In late 2013 Uruguay became the first country to pass a national cannabis legalization policy. It took a while for Uruguay to get its legal cannabis sales system into place, with legal sales not starting until this year. Uruguay sells legal cannabis via pharmacies, with citizens being able to purchase up to 40 grams of cannabis a month with a price tag of only $1.30 per gram.
By all accounts the implementation of a regulated sales system went smooth other than shortages of the product, which has been a common occurrence in the United States too when a new state rolls out legal sales. I don’t consider a shortage to be an issue, so long as cannabis is being sold to people that are of legal age to purchase it. After Uruguay became the first country to see a legal sale/purchase of adult-use cannabis, I am happy to say that the sky has remained intact.
Unfortunately, Uruguay’s new industry is seeing a problem that has been plaguing American cannabis companies – stigma from the banking industry. Form what it sounds like, banks in Uruguay are refusing to work with legal cannabis companies. Per the Associated Press:
The legal sale of marijuana in Uruguayan pharmacies is facing challenges as banks refuse to deal with companies linked to the drug in order to follow international financial laws.
A government official said Friday that Uruguayan banks risk running afoul of laws that ban receiving money tied to the drug. The official was not authorized to comment publicly and spoke on condition of anonymity.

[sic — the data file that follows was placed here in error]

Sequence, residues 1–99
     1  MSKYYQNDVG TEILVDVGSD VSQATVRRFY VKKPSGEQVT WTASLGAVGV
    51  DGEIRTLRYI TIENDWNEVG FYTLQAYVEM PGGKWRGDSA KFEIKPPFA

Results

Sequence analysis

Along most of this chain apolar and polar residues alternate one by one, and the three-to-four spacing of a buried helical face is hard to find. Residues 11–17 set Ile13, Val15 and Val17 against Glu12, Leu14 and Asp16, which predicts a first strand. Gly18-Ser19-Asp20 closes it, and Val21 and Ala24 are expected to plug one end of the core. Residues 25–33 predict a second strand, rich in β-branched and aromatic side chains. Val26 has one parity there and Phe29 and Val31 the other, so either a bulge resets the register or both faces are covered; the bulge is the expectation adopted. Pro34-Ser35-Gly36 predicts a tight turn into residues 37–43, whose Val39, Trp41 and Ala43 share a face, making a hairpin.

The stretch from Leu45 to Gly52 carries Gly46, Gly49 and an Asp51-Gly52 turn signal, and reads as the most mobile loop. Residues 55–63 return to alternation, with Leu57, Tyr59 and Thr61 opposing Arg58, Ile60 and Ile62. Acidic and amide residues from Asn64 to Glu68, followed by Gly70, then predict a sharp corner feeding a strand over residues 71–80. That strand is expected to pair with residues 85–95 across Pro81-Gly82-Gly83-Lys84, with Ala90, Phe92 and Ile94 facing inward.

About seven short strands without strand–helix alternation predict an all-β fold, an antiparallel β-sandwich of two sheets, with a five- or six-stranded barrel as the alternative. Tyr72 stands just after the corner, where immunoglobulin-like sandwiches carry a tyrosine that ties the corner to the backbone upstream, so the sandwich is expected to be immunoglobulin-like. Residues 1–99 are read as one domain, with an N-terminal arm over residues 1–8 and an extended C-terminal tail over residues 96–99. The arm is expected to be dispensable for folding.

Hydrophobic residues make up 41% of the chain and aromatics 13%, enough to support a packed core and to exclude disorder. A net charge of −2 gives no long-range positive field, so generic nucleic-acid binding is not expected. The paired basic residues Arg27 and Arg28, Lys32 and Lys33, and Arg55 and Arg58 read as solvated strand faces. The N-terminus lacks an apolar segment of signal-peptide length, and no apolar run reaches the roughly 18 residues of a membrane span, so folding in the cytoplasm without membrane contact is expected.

In July, marijuana went up for sale at 16 pharmacies as part of a 2013 law that made Uruguay first to legalize a pot market covering the entire chain from plants to purchase.
But one pharmacy in the capital, Montevideo, has decided not to sell it after a warning by a local branch of Spanish bank Santander. The bank said it has opted to remain out of this line of business.
It is really sad to see a program going so well, just to have it hindered by banking issues that should be a no-brainer to fix. Just as the banking industry needs a significant, meaningful overhaul of its cannabis policies in the United States, so too is reform needed at the international level. If a country wants to legalize cannabis and allow regulated sales, they should be allowed to do so while still being able to have viable banking options at their disposal. Other countries are going to follow in Uruguay’s footsteps, so this is an issue that needs to be remedied sooner rather than later.